Liquor commission to decide on Nawiliwili bar in two weeks

The County of Kaua‘i Liquor Control Commission will reserve judgment on the fate of the proposed multipurpose establishment in Nawiliwili until its May 4 meeting.

The five-person commission heard testimony from both sides Thursday afternoon in an open hearing to decide whether or not to grant a liquor license.

“It went very well,” said commission director Eric Honma. “It was an orderly public hearing.”

Nawiliwili residents have organized a strong opposition in what has become a passionate cause to clean up the area’s crime and noise problems.

While opponents paint the facility as a night club, Victor Heresa and the other partners in Bayside View say their establishment will be used for anything from wedding receptions and banquets to dancing and live music.

“We’re not interested in bringing any more negative elements to the area,” Heresa said.

In the end, it might be out of the commission’s control. Hawai‘i’s liquor laws mandate the denial of any license application that generates written opposition from 51 percent of registered voters living within a 500-foot radius of the proposed establishment.

“We have to go with the law, and the states that if we have 51 percent (opposition), we have to deny,” chairwoman Carol Suzawa said.

The commission’s next step, then, is to verify the list of registered voters provided by Steve Layne, owner of the Garden Island Inn and vocal opponent. Layne has encountered problems with up-to-date voter registration records, but said that he has at least 60 percent.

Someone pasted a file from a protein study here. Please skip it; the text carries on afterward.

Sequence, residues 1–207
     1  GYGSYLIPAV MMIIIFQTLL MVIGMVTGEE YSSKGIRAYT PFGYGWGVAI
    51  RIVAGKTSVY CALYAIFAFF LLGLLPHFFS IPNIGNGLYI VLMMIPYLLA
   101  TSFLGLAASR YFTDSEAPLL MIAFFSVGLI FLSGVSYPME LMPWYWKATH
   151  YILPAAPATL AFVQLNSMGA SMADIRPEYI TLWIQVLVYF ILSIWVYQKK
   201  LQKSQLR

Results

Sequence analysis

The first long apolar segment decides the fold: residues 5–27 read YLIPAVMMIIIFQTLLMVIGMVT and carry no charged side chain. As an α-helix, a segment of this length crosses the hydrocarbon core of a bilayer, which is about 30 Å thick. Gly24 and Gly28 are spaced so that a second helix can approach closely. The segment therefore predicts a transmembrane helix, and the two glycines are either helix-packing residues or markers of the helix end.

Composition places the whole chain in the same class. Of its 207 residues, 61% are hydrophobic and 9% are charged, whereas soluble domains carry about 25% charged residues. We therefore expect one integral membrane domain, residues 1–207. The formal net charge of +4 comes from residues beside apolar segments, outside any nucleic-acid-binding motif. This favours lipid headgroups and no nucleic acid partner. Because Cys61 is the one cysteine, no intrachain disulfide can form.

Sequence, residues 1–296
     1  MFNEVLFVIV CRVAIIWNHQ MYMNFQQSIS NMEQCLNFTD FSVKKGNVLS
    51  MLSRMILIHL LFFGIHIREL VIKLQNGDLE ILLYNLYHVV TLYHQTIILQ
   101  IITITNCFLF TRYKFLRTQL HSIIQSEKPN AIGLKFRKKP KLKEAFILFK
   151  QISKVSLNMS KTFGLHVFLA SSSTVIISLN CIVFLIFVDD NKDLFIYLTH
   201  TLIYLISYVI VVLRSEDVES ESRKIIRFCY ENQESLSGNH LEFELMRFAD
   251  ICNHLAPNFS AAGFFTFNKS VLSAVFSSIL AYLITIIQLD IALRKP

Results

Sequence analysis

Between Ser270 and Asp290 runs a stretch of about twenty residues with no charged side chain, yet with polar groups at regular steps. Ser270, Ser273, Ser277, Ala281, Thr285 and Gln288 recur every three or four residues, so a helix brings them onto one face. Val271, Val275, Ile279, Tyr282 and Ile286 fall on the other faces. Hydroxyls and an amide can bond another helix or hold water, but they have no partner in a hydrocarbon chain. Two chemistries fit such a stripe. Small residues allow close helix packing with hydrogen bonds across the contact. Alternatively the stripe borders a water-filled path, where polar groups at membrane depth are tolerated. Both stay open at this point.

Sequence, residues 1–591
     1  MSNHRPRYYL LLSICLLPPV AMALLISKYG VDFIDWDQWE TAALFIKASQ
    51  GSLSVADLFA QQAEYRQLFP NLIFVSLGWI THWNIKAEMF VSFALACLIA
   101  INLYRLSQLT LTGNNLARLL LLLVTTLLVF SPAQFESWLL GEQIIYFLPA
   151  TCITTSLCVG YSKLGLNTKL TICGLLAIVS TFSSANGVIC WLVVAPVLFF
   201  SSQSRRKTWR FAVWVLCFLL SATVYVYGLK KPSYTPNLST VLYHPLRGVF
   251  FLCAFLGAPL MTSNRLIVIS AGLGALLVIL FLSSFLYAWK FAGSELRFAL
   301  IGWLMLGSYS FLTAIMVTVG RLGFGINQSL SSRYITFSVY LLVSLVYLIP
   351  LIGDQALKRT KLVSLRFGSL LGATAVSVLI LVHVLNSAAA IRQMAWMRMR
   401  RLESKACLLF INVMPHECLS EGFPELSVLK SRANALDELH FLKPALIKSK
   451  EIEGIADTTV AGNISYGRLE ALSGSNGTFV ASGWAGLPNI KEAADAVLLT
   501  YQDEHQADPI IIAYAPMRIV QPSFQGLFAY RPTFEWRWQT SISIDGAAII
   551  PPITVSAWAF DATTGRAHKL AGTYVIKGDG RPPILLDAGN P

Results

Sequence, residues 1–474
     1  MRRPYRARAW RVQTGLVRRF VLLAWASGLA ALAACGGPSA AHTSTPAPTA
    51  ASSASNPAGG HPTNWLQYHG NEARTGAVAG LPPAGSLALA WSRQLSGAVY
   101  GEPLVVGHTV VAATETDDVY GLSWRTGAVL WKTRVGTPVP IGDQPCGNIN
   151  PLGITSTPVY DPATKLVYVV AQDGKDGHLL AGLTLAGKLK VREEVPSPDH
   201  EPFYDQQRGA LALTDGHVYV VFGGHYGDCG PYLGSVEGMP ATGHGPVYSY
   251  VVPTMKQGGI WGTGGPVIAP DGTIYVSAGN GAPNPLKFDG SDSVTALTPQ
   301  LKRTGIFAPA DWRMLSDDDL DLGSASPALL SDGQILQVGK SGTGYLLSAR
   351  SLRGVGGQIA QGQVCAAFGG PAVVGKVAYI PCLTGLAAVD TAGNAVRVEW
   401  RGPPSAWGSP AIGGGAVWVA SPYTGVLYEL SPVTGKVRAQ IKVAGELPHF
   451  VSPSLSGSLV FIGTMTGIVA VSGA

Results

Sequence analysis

If the names of 35 registered voters who have either moved or died are expunged, Layne said he will have more than 80 percent.

The commission does not have the power to amend public records, but they are looking into it.

“The Liquor Control Department is verifying the voter registration list,” Suzawa said. “Until then, there is no board decision.”

Even if the opposition fails to come up with a majority, the commission can still deny the application with a majority vote if they feel the opposition has raised valid issues and demonstrated legimate concern.

Layne said the commission received more than 150 letters in opposition and none in support, and about 10 people spoke out against the proposal while only one, Victor Heresa, spoke in favor.

“I think it went really well in our favor,” said Marcie Gracey, director of the Banyan Harbor Board of Directors.

Gracey said some commissioners questioned the need for another outlet for liquor in the area, when there are already problems with noise, drugs, vandalism and violence in Nawiliwili Park, which sits adjacent to Anchor Cove Shopping Center and the old bowling alley.

Heresa said he also thought the hearing went well, and that the commission understood that he and his partners do not want to contribute to the problem.

“If this park was safe and there was no noise, I would have a better chance of doing what I want to do,” he said.

The commission will meet again at 4 p.m. on Thursday, May 4.


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